The cellphone of slain al-Qaeda leader Osama bin Laden’s trusted courier, recovered in the raid that killed both men in Pakistan last month, contained contacts to a militant group that is a longtime asset of Pakistan’s intelligence agency, senior US officials briefed on the findings say. The discovery indicates that bin Laden used the group, Harakat-ul-Mujahideen, as part of his support network inside the country, the officials and others said. However, it also raised questions about whether the group and others like it helped shelter and support bin Laden on behalf of Pakistan’s spy agency, given that it had mentored Harakat and allowed it to operate in Pakistan for at least 20 years, the officials and analysts said.
In tracing the calls on the cellphone, US analysts have determined that Harakat commanders had called Pakistani intelligence officials, the senior US officials said. One said they had met. The officials added that the contacts were not necessarily about bin Laden and his protection and that there was no “smoking gun” showing that Pakistan’s spy agency had protected bin Laden.
However, the cellphone numbers provide one of the most intriguing leads yet in the hunt for the answer to an urgent and vexing question for Washington: How was bin Laden able to live comfortably for years in Abbottabad, a town dominated by the Pakistani military and only a three-hour drive from Islamabad?
“It’s a serious lead,” said one US official, who has been briefed in broad terms on the cellphone analysis. “It’s an avenue we’re investigating.”
The revelation also provides a potentially critical piece of the puzzle about bin Laden’s secret odyssey after he slipped away from US forces in the Tora Bora region of Afghanistan nearly 10 years ago. It may help answer how and why bin Laden or his protectors chose Abbottabad, where he was killed in a raid by a Navy SEALs team on May 2.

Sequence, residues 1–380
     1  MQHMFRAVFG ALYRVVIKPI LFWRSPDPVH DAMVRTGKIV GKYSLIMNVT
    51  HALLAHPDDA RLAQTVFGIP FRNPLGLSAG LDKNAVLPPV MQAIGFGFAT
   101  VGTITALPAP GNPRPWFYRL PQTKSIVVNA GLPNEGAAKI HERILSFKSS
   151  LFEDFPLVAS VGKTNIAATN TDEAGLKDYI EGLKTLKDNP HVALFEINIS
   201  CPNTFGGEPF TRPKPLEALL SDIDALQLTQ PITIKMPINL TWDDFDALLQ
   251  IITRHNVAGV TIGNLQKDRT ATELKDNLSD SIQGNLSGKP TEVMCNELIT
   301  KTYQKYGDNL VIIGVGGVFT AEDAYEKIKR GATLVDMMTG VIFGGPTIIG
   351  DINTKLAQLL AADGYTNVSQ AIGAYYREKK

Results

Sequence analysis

Harakat has especially deep roots in the area around Abbottabad, and the network provided by the group would have enhanced bin Laden’s ability to live and function in Pakistan, analysts familiar with the group said. Its leaders have strong ties with both al-Qaeda and Pakistani intelligence, and they can roam widely because they are Pakistanis, something the foreigners who make up al-Qaeda’s ranks cannot do.
Even today, Harakat-ul-Mujahideen leader Maulana Fazlur Rehman Khalil, long one of bin Laden’s closest Pakistani associates, lives unbothered by Pakistani authorities on the outskirts of Islamabad.
The senior US officials did not name the commanders whose numbers were in the courier’s cellphone, but said the militants were in South Waziristan, where al-Qaeda and other groups had been based for years. Harakat’s network would have allowed bin Laden to pass on instructions to al-Qaeda members there and in other parts of Pakistan’s tribal areas, to deliver messages and money or even to take care of personnel matters, analysts and officials said.
Harakat is one of a host of militant groups set up in the 1980s and early 1990s with the approval and assistance of Pakistan’s premier spy agency, the Directorate for Inter-Services Intelligence (ISI), to fight as proxies in Afghanistan, initially against the Soviets, or against India in the disputed territory of Kashmir. Like many groups, it has splintered and renamed itself and, because of their overlapping nature, other groups could have been involved in supporting bin Laden, too, officials and analysts said. Howevaer, Harakat, they said, has been a favored tool of the ISI.